How to look after your feet after running a race

Running takes it toll on the feet, be it the occasional blister or the loss of some toe nails, taking care of your trotters after a run is crucial and never more so than after a marathon. Runner's World spoke to Matthew Fitzpatrick, lead podiatrist for the London Marathon and Provost of the College of Podiatry about post-race foot care and he had the following footcare tips:

If you have a blister:

When deciding how to manage a blister, you should first consider its size. If the blister is small and not causing a problem while wearing trainers or shoes, you can cut a hole in a piece foam to form a doughnut over the blister. Tape the foam in place or cover with a soft gel-type dressing to protect it while it heals.

Should the blister be so large that you are unable to wear footwear, then carefully bursting but not removing the overlying skin will help. Ensure the area is then covered with a clean and dry dressing and monitor its progress. If it is open and there is raw skin underneath, then consider using an antimicrobial – especially if the blister is dirty or looking infected. Using a clean, dry dressing with a non-stick part is advisable.

Most foot blisters last between three and seven days and will normally clear up if further excessive friction is avoided.

If you have nail damage:

The first step to take is to determine the extent to which your nail has been affected. If the nail is very loose, you might consider removing it. It is advisable to see a podiatrist to assist with this.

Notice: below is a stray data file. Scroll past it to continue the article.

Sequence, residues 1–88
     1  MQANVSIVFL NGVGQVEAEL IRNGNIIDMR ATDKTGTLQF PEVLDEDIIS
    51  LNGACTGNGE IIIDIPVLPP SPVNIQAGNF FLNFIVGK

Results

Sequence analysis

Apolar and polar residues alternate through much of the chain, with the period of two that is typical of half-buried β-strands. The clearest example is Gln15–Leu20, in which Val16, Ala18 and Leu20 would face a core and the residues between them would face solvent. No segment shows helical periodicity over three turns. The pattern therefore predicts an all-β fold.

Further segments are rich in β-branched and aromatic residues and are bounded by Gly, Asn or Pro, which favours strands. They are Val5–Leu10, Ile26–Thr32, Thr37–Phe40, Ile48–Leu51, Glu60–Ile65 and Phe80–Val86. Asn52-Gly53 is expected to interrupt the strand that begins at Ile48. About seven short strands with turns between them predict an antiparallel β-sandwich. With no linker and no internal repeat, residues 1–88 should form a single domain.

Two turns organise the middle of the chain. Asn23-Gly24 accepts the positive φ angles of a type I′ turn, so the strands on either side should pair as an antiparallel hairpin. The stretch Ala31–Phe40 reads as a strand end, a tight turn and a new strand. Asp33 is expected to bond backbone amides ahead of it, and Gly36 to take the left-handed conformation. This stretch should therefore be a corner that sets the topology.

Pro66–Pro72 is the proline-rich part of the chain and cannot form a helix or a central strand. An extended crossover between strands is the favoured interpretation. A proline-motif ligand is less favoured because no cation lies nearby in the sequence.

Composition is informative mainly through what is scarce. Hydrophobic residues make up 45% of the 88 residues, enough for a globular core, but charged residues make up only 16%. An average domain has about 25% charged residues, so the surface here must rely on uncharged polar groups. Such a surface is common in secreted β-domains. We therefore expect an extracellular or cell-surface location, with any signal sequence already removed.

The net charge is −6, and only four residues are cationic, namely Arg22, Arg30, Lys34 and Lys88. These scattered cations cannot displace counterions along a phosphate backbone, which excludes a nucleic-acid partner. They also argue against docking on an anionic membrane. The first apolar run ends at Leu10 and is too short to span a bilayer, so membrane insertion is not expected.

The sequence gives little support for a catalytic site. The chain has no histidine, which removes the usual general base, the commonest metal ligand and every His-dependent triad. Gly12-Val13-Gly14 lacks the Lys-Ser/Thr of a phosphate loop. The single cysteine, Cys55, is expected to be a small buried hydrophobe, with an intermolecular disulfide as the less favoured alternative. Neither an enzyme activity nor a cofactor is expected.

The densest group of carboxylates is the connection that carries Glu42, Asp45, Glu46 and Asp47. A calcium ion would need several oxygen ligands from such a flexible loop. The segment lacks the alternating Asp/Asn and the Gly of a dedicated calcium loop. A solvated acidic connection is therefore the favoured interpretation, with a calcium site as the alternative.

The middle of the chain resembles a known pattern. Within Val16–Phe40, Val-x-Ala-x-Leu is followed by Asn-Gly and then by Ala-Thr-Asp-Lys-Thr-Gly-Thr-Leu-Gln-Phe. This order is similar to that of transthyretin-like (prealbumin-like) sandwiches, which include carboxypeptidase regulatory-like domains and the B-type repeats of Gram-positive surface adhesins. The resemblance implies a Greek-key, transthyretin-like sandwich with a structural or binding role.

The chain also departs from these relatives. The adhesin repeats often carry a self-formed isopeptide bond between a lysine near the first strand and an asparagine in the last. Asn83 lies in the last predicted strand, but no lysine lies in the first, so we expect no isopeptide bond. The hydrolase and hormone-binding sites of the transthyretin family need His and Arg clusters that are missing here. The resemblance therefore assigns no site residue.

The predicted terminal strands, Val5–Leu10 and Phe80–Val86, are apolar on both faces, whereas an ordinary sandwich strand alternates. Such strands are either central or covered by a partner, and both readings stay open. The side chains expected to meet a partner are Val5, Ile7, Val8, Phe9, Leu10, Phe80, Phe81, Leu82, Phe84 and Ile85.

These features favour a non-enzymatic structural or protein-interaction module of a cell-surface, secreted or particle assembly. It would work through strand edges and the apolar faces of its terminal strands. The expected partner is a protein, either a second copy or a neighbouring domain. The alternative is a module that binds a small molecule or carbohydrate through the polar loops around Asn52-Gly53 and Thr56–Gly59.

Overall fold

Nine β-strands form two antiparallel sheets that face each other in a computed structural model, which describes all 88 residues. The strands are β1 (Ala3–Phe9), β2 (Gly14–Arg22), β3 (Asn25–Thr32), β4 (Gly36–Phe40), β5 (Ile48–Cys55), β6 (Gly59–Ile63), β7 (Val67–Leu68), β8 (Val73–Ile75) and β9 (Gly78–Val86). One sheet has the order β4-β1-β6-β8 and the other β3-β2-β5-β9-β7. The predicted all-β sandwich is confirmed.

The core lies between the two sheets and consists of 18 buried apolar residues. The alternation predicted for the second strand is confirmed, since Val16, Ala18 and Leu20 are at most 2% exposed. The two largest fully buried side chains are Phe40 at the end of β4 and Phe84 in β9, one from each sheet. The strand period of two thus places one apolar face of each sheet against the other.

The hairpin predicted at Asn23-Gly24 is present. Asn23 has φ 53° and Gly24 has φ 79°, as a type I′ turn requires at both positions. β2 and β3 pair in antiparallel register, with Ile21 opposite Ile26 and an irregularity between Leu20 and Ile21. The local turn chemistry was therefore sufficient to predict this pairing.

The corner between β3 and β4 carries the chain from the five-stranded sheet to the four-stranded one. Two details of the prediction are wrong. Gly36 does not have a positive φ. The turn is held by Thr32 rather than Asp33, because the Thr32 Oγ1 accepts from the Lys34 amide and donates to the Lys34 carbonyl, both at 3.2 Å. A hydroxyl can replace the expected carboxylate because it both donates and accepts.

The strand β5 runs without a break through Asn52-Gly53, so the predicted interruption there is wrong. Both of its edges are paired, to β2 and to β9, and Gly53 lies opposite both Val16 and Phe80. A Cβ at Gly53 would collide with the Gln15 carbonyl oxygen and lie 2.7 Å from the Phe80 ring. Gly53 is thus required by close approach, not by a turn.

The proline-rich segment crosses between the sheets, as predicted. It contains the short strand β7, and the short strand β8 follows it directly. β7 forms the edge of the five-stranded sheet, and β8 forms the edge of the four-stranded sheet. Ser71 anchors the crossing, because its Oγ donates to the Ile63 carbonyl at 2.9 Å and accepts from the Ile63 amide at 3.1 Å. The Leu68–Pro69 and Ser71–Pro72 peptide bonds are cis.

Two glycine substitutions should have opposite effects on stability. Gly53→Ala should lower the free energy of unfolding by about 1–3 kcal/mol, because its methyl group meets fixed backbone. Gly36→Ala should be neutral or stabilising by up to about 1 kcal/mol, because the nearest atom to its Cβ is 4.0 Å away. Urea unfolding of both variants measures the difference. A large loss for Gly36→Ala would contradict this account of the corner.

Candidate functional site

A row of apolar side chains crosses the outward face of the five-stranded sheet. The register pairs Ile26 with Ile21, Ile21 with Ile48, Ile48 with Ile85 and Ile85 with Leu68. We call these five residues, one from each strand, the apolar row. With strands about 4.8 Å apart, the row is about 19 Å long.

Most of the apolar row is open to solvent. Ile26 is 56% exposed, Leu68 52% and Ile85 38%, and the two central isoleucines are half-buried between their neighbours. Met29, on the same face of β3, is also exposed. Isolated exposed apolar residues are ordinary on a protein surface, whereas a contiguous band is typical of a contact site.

If the nail is not significantly affected then the key, as with blisters, is to protect and reduce any further damage to the nail. Occasionally, the damage may mean there is a blood blister under the nail and this can lead to pressure building up which may cause more local damage. If the area is disproportionately painful, then you should seek further advice from a podiatrist.

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Soaking your feet:

Soaking your feet in a warm foot bath with soothing salts after a race sounds perfect – and, in principle, there is nothing wrong with doing this. However, before soaking your feet, ensure there are no open areas that may become infected or water logged. Taking time for your feet to relax, recover and rest is key to any post-race strategy.

Look for signs of:

Excessive swelling and bruising are two symptoms runners need to look out for as fractures can be present, even without any noticeable pain. In some cases, these fractures will be obvious because of the pain; however, when the adrenaline surges, we can sometimes push on and don’t focus on innocuous symptoms. If swelling occurs for a prolonged period or a new bruise develops over a few days, then it is recommended that you seek advice from a podiatrist or visit your GP. 

If your foot injuries do not resolve themselves naturally or through routine footcare within three weeks, then you should visit a podiatrist.

For more information on foot health or to find a podiatrist in your area please visit www.scpod.org.